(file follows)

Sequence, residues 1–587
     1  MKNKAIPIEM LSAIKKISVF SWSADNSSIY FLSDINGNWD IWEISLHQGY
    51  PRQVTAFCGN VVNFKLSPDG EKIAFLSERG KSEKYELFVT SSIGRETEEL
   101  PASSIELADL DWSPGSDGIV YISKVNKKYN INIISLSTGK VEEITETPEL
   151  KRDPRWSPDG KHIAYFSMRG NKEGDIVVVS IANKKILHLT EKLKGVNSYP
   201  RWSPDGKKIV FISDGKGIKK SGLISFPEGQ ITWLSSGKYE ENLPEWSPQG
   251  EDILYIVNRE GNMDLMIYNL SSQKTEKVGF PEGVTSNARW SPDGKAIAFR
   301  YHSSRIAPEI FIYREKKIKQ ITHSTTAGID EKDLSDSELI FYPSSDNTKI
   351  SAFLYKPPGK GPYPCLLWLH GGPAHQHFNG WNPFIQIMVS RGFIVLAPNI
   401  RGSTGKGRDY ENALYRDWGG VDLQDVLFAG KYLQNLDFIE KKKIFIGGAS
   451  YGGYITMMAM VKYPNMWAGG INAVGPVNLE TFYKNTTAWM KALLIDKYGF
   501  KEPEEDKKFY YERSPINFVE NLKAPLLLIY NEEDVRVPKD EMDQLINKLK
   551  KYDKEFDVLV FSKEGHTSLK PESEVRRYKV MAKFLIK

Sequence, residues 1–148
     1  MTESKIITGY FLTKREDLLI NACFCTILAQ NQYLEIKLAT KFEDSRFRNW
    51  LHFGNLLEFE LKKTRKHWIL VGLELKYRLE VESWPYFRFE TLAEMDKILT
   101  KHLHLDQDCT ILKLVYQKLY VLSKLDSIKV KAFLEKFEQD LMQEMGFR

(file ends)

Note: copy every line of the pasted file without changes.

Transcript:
Sequence, residues 1–587
     1  MKNKAIPIEM LSAIKKISVF SWSADNSSIY FLSDINGNWD IWEISLHQGY
    51  PRQVTAFCGN VVNFKLSPDG EKIAFLSERG KSEKYELFVT SSIGRETEEL
   101  PASSIELADL DWSPGSDGIV YISKVNKKYN INIISLSTGK VEEITETPEL
   151  KRDPRWSPDG KHIAYFSMRG NKEGDIVVVS IANKKILHLT EKLKGVNSYP
   201  RWSPDGKKIV FISDGKGIKK SGLISFPEGQ ITWLSSGKYE ENLPEWSPQG
   251  EDILYIVNRE GNMDLMIYNL SSQKTEKVGF PEGVTSNARW SPDGKAIAFR
   301  YHSSRIAPEI FIYREKKIKQ ITHSTTAGID EKDLSDSELI FYPSSDNTKI
   351  SAFLYKPPGK GPYPCLLWLH GGPAHQHFNG WNPFIQIMVS RGFIVLAPNI
   401  RGSTGKGRDY ENALYRDWGG VDLQDVLFAG KYLQNLDFIE KKKIFIGGAS
   451  YGGYITMMAM VKYPNMWAGG INAVGPVNLE TFYKNTTAWM KALLIDKYGF
   501  KEPEEDKKFY YERSPINFVE NLKAPLLLIY NEEDVRVPKD EMDQLINKLK
   551  KYDKEFDVLV FSKEGHTSLK PESEVRRYKV MAKFLIK

Sequence, residues 1–148
     1  MTESKIITGY FLTKREDLLI NACFCTILAQ NQYLEIKLAT KFEDSRFRNW
    51  LHFGNLLEFE LKKTRKHWIL VGLELKYRLE VESWPYFRFE TLAEMDKILT
   101  KHLHLDQDCT ILKLVYQKLY VLSKLDSIKV KAFLEKFEQD LMQEMGFR